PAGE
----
The 100 000-Yr Cycle in Tropical SST, Greenhouse Forcing, and Climate Sensitivity

Lea, David W.
June 2004
Journal of Climate;Jun2004, Vol. 17 Issue 11, p2170
Academic Journal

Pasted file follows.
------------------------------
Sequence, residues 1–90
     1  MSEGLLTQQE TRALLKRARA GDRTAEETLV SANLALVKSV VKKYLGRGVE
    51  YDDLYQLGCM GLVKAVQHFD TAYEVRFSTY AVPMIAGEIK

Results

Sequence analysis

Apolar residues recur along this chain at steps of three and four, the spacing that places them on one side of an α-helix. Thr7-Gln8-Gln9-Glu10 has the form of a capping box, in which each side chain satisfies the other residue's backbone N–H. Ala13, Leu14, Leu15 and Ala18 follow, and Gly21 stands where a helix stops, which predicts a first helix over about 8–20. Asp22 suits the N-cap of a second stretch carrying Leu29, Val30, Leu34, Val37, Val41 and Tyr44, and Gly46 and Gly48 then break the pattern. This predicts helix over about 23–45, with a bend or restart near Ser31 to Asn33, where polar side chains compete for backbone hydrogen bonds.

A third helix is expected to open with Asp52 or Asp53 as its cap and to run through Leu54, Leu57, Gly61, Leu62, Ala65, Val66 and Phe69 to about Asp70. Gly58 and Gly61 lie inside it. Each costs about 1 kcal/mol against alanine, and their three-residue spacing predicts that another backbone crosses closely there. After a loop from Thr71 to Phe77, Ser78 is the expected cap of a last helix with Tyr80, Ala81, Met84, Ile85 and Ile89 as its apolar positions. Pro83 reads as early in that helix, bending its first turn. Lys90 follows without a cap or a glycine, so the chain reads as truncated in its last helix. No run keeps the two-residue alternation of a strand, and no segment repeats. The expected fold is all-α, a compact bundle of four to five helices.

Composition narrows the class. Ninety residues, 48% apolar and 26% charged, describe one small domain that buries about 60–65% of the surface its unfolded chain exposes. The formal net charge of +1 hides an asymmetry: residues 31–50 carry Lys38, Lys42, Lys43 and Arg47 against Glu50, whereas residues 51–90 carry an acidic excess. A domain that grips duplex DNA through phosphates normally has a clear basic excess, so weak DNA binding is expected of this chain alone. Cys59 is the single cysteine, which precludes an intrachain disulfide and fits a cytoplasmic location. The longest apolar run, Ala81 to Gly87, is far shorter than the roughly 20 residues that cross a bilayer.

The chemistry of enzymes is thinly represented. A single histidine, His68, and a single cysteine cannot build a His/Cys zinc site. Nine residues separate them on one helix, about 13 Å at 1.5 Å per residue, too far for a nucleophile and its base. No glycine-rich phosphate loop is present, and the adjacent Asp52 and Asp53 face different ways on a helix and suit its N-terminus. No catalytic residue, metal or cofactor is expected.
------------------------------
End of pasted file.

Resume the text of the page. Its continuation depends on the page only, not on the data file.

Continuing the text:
The key scientific uncertainty in the global warming debate is the equilibrium climate sensitivity. Coupled atmosphere-ocean general circulation models predict a wide range of equilibrium climate sensitivities, with a consequently large spread of societal implications. Comparison of models with instrumental data has not been able to reduce the uncertainty in climate sensitivity. An alternative way to gauge equilibrium climate sensitivity is to use paleoclimatic data. Two recent advances, the development and application of proxy recorders of tropical sea surface temperature (SST) and the synchronization of the deep-sea and Antarctic ice-core time scales, make it possible to directly relate past changes in tropical SST to atmospheric carbon dioxide (CO2) levels. The strong correspondence of a proxy SST record from the eastern equatorial Pacific and the Vostok CO2 record suggests that varying atmospheric carbon dioxide is the dominant control on tropical climate on orbital time scales. This effect is especially pronounced at the 100 000-yr cycle. Calibration of the CO2 influence via tropical SST variability indicates a tropical climate sensitivity of 4.4°-5.6°C (errors estimated at ± 1.0°C) for a doubling of atmospheric CO2 concentration. This result suggests that the equilibrium response of tropical climate to atmospheric CO2 changes is likely to be similar to the upper end of available global predictions from coupled models.


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